Given that Kazakhstan has been on a Positive outlook from Moody’s for more than a year and the economic situation has generally improved during that time, we believe an upgrade is on the horizon. Provided that oil prices remain relatively firm, real GDP growth continues to be faster than 5% per year and policies remain market-friendly, we believe an upgrade by Moody’s and even by S&P is likely within the next 12 months.
As for sovereign debt assets, reforms of the state pension system in 1998 have provided Kazakhstan with a small, but fast-growing, non-bank financial system, which has in turn led to an increase in domestic demand for sovereign debt. Roughly half of the outstanding stock of government Eurobonds, amounting to $500m, is reportedly held by domestic pension funds; however, pension fund assets are growing at a pace of just $30m per month. The government has refrained from issuing in the Eurobond market this year, despite a peak in debt payments, choosing to meet refinancing needs from the state budget and with financing from the World Bank. If need be, the authorities are likely to consider first borrowing in the domestic market before moving to the international markets.
However, growing demand from the pension system for new assets to invest in could result in Eurobond issuance occurring sooner than this, in our opinion. The improvement in the country’s fundamentals have allowed the spreads on sovereign Eurobonds to narrow from 1,000bp over US Treasuries at the time of the 1998-99 Russia crisis to less than 100bp over US Treasuries, the low point this year. Indeed, Kazakhstan sovereign debt trades well inside what one might typically expect for a BB-rated country because of its scarcity value. In our view, the bonds will continue to trade unusually tight to US Treasuries.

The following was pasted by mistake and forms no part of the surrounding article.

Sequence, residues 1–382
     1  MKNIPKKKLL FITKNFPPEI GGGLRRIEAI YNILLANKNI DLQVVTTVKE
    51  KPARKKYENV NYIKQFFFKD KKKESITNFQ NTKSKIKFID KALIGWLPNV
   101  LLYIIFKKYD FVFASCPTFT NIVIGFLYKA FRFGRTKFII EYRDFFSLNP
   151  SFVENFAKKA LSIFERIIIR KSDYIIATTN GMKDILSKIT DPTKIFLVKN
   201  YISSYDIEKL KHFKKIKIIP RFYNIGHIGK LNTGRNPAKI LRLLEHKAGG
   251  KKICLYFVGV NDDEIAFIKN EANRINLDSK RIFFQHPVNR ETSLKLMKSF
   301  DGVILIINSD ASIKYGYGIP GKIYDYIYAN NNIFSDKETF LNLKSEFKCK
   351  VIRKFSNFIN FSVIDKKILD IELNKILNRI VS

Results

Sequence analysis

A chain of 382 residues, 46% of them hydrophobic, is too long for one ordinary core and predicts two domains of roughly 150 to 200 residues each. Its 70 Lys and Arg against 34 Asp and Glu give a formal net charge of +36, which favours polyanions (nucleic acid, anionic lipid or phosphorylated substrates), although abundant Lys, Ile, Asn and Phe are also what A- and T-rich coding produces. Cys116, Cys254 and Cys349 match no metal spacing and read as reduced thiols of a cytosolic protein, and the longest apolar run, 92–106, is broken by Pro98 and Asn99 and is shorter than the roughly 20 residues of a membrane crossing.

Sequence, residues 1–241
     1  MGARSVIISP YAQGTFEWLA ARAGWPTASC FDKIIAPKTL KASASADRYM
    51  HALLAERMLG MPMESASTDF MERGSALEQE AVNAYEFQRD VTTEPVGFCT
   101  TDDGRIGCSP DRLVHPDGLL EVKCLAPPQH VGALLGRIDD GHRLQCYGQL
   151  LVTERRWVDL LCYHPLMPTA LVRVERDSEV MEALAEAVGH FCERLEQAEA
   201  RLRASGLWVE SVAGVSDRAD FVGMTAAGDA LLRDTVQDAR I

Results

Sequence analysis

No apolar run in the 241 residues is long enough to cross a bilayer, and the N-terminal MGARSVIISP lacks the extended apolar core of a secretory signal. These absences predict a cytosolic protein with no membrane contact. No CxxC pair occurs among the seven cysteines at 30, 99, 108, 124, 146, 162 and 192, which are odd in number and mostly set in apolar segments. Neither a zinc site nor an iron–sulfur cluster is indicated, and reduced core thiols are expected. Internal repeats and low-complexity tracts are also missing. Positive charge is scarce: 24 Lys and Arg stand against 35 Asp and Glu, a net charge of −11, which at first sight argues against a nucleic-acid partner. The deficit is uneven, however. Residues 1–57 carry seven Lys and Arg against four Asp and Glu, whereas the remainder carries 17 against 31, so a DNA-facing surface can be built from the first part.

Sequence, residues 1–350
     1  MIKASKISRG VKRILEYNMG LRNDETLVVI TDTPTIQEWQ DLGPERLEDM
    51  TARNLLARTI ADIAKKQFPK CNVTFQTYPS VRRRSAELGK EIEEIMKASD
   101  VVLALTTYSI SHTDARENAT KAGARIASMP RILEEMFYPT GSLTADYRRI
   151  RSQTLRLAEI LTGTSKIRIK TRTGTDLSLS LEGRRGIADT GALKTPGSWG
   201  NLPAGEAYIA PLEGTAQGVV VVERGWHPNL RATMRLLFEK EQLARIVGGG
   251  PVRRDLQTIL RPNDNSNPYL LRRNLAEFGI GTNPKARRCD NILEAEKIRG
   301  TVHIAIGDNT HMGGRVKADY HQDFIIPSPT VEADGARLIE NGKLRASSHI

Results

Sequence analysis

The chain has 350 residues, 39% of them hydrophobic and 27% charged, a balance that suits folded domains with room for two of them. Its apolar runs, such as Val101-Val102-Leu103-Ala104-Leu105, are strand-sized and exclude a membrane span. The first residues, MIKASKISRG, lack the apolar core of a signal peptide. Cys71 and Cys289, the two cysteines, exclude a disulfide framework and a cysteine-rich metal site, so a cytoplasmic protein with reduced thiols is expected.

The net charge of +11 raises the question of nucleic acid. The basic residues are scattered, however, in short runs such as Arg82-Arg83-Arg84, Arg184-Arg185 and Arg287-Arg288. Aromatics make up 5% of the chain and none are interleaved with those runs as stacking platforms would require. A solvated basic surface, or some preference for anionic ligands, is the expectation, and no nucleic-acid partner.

Kazakhstan has succeeded in stabilising its economy and in keeping inflation at a low level. This has resulted in a more favourable investment climate than in other CIS countries. We have a positive view on Kazakhstan’s growth prospects. Given the year-to-date evolution of world oil prices, the assumption made for the purposes of the 2002 budget will be exceeded. As for domestic demand, the prospects appear relatively solid, which should see the economy through some recent mild slowing in activity. A key factor that is likely to help is strong growth in real wages, currently close to 10% yoy.
This does not mean that the outlook is without risk. The economy remains heavily dependent upon oil prices and FDI. Indeed, in 1H, the economy has experienced some cooling off in reflection of what has been occurring in the country’s main trading partners. Although future development of the oil sector should keep annual GDP growth above 6%, FDI has slowed recently. We believe that this reflects lack of momentum in the structural reform process. The fiscal position is also highly vulnerable to external shocks, given that 25% of budget revenue is oil-related. However, public debt levels are exceptionally low, and so the country is not, like Russia, dependent upon international markets to meet debt obligations. The important test for the government, however, will be to bring renewed vigour to the reform process, especially in the areas of privatisation, industrial restructuring and the development of non-oil sectors.
Zsolt Papp is head of EMEA Economics at ABN Amro in London.